- Expression (style)--is the prose (writing) clear, concise, and engaging?
grades will rest on discussions of the readings. Adequate participation
will indicate that a student did the readings and was actively engaged
in discussion. If students have questions about how discussions are
going or how participation is being evaluated, or if students feel
uncomfortable speaking in front of others, they should see their
teaching assistant or the professor as early in the semester as
possible. Lastly, I reserve the right to hold pop quizzes if
participation in class discussion or attendance at lectures is not
satisfactory. Any such quizzes will be factored into the participation
Your work is outstanding in all three areas. It offers an integrated,
insightful argument based on ample, sound evidence and is written in
clear and engaging prose.
- B—Good: Your work is strong in all three areas, or is outstanding in one area while having significant weaknesses in another.
Your performance is adequate in one or more areas, but also has
significant weaknesses in others, leaving the presentation fragmented,
murky, or narrow.
- D—Poor: Your work demonstrates notable
weaknesses in all three areas. Remedial work may be needed to improve
substantive understanding or basic communication skills.
- E—Unacceptable: Your work has serious flaws in all areas, or demonstrates no evident engagement in the assignment.
Letter grades for papers and for final course grades will be assigned according to the following numerical scales:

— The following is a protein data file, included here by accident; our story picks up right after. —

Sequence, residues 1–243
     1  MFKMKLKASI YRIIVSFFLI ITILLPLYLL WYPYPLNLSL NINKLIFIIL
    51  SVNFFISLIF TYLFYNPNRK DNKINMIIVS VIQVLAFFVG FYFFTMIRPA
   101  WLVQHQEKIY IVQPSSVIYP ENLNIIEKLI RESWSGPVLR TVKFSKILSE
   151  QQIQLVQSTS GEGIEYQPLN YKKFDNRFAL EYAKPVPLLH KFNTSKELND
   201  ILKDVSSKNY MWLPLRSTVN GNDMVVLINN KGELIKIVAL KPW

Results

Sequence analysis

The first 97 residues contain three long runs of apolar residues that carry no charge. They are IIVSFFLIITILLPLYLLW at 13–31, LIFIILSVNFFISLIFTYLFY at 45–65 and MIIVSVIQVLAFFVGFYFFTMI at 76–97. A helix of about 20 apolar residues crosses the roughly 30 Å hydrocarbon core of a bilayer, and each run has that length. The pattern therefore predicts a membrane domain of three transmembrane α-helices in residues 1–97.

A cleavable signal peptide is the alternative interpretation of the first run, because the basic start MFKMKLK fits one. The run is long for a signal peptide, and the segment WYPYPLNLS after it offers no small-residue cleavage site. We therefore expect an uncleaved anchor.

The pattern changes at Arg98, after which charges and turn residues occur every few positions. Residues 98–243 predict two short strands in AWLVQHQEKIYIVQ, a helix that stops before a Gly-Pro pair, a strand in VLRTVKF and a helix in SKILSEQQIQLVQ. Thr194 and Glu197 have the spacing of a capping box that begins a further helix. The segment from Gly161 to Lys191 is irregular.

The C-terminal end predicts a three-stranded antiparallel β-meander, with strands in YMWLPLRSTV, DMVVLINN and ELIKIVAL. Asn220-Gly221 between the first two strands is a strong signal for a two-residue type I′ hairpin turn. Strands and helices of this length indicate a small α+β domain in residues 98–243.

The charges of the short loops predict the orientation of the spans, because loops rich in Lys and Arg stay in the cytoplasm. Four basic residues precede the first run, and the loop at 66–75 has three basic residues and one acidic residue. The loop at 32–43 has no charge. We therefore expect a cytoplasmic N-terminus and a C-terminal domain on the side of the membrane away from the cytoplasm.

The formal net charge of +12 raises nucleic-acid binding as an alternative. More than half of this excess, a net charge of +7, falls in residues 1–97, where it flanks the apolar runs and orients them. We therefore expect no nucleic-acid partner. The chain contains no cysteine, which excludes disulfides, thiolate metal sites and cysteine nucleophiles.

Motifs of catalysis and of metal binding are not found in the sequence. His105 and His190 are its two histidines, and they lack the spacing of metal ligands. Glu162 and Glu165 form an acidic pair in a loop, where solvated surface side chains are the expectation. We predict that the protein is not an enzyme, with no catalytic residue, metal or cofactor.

|Letter Grade||Numerical Equivalent (Paper and Final Grades)||GPA Equivalent (Final Grades)|
|E1||Stopped attending or participating prior to the end of class||0.0|
|I||Incomplete (Note: I rarely agree to these)||0.0|
Policies and Expectations
classes are most rewarding when students interact with the texts, each
other, and the professor and teaching assistants on a sustained and
regular basis. While lectures and readings provide the raw material for
the class, much learning will take place in both formal and informal
discussions. Effective class participation (see above) is therefore
essential. Students can expect an atmosphere in which opinions are
expressed, and received, in a thoughtful and respectful manner. It also
is important to note that many students will have very deeply
held opinions about the issues we will be discussing during the term.
Disagreement and lively debate are not only accepted, but encouraged as
long as all students remain respectful of one another. I would also
encourage all students to be willing to challenge their own
preconceptions about U.S. foreign relations and to have other students